Aides to Donald Trump, the US president, hired an Israeli private intelligence agency to orchestrate a “dirty ops” campaign against key individuals from the Obama administration who helped negotiate the Iran nuclear deal, the Observer can reveal. People in the Trump camp contacted private investigators in May last year to “get dirt” on Ben Rhodes, who had been one of Barack Obama’s top national security advisers, and Colin Kahl, deputy assistant to Obama, as part of an elaborate attempt to discredit the deal. [The Guardian]

Louisville prosecutors want probation revoked for the leader of a white nationalist group who repeatedly pushed a woman at a Donald Trump campaign rally in Louisville in 2016. [C-J/AKN]

Surprise! Republicans are still massive homophobes. The Kansas Legislature on Friday approved a bill that allows faith-based adoption agencies to turn away gay and lesbian couples based on religious beliefs, and the state’s governor said he would sign it. [Reuters]

The Attorney General issued an opinion Thursday stating the Eastern Kentucky University Board of Regents violated the Open Meetings Act in discussing multiple potential layoffs in a session closed to the public. [Richmond Register]

Jared Kushner’s ethics disclosure filing misstated the financials on two Brooklyn loans, the latest in a long series of errors and omissions on the form. [ProPublica]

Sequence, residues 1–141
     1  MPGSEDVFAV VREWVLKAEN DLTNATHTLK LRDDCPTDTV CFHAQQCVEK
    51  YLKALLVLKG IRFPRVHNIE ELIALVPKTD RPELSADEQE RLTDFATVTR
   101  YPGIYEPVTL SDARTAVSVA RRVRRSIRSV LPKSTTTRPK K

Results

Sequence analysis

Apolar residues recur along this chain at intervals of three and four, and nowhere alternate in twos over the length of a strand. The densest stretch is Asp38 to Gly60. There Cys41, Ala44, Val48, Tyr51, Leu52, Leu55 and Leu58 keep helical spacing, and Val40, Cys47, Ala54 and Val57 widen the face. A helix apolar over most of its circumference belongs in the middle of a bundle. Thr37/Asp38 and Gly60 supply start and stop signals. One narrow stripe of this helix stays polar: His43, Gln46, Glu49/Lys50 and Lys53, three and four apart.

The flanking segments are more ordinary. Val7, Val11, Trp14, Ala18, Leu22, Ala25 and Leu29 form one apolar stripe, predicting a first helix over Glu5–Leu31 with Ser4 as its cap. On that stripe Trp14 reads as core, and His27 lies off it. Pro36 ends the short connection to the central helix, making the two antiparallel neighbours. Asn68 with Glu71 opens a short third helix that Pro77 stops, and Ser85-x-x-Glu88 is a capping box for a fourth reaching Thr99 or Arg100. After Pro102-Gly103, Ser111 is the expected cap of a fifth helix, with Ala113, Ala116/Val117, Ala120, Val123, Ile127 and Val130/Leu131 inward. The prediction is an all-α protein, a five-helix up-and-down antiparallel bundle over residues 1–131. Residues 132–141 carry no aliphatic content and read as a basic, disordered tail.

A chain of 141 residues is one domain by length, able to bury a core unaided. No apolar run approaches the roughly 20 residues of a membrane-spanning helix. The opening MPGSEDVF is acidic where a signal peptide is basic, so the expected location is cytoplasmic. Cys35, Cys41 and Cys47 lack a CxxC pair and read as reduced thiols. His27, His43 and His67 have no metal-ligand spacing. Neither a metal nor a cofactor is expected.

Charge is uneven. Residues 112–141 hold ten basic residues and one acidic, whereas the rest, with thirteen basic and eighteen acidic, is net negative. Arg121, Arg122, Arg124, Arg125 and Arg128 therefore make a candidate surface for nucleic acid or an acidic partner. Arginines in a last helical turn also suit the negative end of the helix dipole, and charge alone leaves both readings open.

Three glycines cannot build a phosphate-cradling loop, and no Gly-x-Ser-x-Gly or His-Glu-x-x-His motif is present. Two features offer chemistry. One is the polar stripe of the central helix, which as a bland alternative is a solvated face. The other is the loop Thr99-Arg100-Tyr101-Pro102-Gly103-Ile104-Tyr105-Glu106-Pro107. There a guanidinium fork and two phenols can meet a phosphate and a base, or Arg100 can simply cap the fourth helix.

The board of directors for Barren County’s special ambulance service taxing district has decided it will not pay – at least for April – the typical portion Barren-Metcalfe County Emergency Medical Services bills it for its deficit. [Glasgow Daily Times]

Donald Trump knew about a six-figure payment that Michael D. Cohen, his personal lawyer, made to a pornographic film actress several months before he denied any knowledge of it to reporters aboard Air Force One in April, according to two people familiar with the arrangement. [NY Times]

The Henderson School Board unanimously voted a century ago to ban the teaching of German in city schools, which was just the tip of the spear in the community’s case of anti-German hysteria at the time. [Frank Boyett]

A prominent Southern Baptist leader whose comments about spousal abuse set off a firestorm last week said in an interview Friday that he couldn’t “apologize for what I didn’t do wrong.” [WaPo]